Yeah. When we started learning English in fifth grade we were taught IPA symbols alsongside, which were also in the word lists, so we could read and learn the pronunciation along with the spelling. It guess its not worse than having to memorize gender or plurals in other languages, but it seems so unnecessary to have an alphabet but not use it as one. (And of course I understand that there are historical reasons, and imported words and so on, but other languages manage to adjust the spelling of these much better after a while.)
bratfarrar: (loading)

[personal profile] bratfarrar 2014-08-24 06:37 pm (UTC)(link)
I think a large reason for this is that things just sort of ... happen, in English. You need to describe something and there isn't a word in English that does it? Just grab it from somewhere else and use it as is, and it'll either catch on or not. And because it's a very organic process--by which I mean there is no process--there's no standardization.
ratcreature: RatCreature blathers. (talk)

[personal profile] ratcreature 2014-08-24 07:22 pm (UTC)(link)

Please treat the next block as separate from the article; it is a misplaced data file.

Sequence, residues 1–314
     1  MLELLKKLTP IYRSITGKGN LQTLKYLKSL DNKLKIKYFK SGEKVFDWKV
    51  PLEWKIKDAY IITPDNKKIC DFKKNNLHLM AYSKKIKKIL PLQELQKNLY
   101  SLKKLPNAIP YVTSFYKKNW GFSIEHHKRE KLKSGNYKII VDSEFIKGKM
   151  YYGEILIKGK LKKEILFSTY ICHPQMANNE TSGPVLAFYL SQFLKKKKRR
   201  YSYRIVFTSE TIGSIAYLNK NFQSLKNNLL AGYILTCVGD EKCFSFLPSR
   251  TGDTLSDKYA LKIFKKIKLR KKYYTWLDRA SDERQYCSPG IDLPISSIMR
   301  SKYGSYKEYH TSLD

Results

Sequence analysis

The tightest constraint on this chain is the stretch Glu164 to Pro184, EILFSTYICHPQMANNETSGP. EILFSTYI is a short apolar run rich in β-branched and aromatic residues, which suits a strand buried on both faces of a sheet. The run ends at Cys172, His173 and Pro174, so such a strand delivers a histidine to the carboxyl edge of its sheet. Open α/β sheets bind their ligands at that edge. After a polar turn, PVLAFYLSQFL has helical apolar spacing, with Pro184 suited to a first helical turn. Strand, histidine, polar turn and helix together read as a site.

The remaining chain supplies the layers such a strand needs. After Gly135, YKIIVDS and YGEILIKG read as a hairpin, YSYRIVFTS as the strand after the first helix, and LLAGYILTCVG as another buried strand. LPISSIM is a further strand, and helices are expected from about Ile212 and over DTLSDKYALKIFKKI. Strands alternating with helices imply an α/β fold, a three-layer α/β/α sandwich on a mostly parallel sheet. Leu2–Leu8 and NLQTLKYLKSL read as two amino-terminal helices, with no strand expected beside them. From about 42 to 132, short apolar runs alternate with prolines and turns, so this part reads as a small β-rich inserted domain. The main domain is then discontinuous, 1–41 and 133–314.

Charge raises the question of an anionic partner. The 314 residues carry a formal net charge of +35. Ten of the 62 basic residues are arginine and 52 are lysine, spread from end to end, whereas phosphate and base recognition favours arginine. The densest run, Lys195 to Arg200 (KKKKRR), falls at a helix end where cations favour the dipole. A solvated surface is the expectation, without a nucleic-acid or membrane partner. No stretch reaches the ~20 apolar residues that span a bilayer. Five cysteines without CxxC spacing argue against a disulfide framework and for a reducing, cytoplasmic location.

But German does the same thing (there are a ton of words imported from French, Italian, English, Latin, Greek... I've once read that about a quarter of the words in a current German dictionary can be traced to other langues, though some have been around since Roman times and nobody thinks of those as borrowed anymore), only eventually German tends to adjust the spelling and/or the pronunciation to make it fit better. Not right away, but eventually, at least with widely used words. Which is why for example the English "cake" some marketer borrowed in 1889 to make their cookies sound more attractive (showing that misappropriated advertising Denglish is not a new phenomenon) soon was spelled Kek (around 1905), and then the plural Keks was made the singular with a plural of Kekse, because German tends to prefer -e and -en plurals over -s ones. And now you can barely tell that the German Keks used to be the English cake.